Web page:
'I had a recurring dream... each time two girls would die'
ON July 14, 1989, 11-year-old St Joseph's Maclean student Alison Moloney was being driven from school camp at Midginbill Hill in the Tweed hinterland with five other girls. They were laughing, giggling and remembering a camp experience they were eager to relay to their parents.
Suddenly, she lay by the side of the road, glass fragments in her eye, and skin ripped from the right side of her body. She was taken to hospital, and the next day received the news two of her friends Amanda Zell-Pateman and Jade MacDonald, as well as the driver Dr Usha Thakur had died.
Her three other friends, Therese de Dassel, Sari Ingram and daughter of Dr Thakur, Siobhan, had suffered significant injuries.
She was the lucky one.
Thirty years later, now named Alison Barrett, a note came home, asking for permission to send her son Bowen, 10, to go on a bus to school camp back at Midginbill Hill.
"I knew they were going to camp, but I wasn't ready for it to be there," she said. "They went back to the camp two years after the crash, and they hadn't been back since."
With the weight of thirty years of memories of how her time at camp ended, she pushed through, and signed the note.
"I really did want him to go. I remember really enjoying camp, and I'm trying to not push my feelings onto him, but still," she trails off.
Eventually, she signed the note.
Thirty years previous, lying on the side of the road Alison found Siobhan laying next to her.
"I remember there was helicopters and police, and Siobhan and I were side by side and I don't remember where anything else was," Ms Barrett said.
"We had been pulled out of the car, and I had eye injuries, all the skin off one side of my body and a broken hand.
"Sari had two compound fractures in her legs, she didn't come back to school for the rest of the year, Siobhan had to have her spleen removed I think and Therese had nearly 40 broken bones."
Taken to Lismore hospital, she found out the news on her classmates the next day when her dad came to tell her what had happened.
"I was just devastated. I remembered hearing they were going to put the four girls together in one ward, and I thought 'where are the others', but didn't put it together," she said.
"I went straight to the ward, the other girls came back in from ICU."
While the companionship of the room helped them deal with the incident, Ms Barrett said it was a tough time.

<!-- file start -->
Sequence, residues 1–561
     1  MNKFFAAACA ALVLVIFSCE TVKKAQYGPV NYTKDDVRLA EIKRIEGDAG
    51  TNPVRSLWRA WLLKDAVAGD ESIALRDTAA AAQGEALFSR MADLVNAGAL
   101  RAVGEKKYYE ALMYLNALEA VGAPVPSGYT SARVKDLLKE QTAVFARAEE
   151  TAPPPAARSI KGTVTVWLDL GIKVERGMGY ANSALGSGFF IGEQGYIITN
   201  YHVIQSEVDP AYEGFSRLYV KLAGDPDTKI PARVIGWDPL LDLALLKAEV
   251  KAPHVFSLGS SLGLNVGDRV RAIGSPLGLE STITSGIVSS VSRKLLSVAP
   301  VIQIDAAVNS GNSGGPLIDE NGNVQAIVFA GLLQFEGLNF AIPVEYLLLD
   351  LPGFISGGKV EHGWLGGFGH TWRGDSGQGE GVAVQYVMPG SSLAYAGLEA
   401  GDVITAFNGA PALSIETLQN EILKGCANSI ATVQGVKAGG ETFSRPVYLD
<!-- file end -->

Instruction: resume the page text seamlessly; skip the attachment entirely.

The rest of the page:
"Some of the girls had sandbags attached to their legs, and if they bumped they'd be excruciating pain," she said.
"People would cry during the middle of the night, and poor Siobhan had just lost her mum, it was a pretty traumatic room."
Ms Barrett said they gradually came back home and rejoined the school community, who rallied around the girls and their family.
While they went separate ways over the following years, Facebook and sometimes just a text message kept them connected.
"There'd always be a text message, sometimes just a heart from one of the girls on the date every year, so you always remembered," she said.
"I had a recurring dream I was back in the crash, and each time two more girls would die, and then I'd have it again and two more girls would die.
"Over and over it went, and it probably took more than ten years to pass."
Fast forward to a few months back, Ms Barrett sent Bowen on his way to camp with her husband Brett, unable to see him off at school.
"I just couldn't do it. I would've been a mess," she said.
"I waved to him at the door, and then lost it. I had a big cry. I had to."
Hanging on every Facebook update from the school, she read how Bowen and his classmates were enjoying many of the same activities they had.
After three of the longest four days of her life, Alison raced into town to meet the bus and an excited Bowen, who couldn't wait to tell her all about his time.
"It was really nice to sit down and have him tell us all he'd done. I never got the chance to do that so it was great," Ms Barrett said.
Chosen to speak on behalf of the group at Monday's 30 year commemoration at the school, Ms Barrett said she hoped it would provide a little bit of closure for her and others.
"I think I'm holding together pretty well," she said. "Thought I just talked to (Therese's mother) Connie the other day, and she said hello and I just started crying."
"I'll always remember it."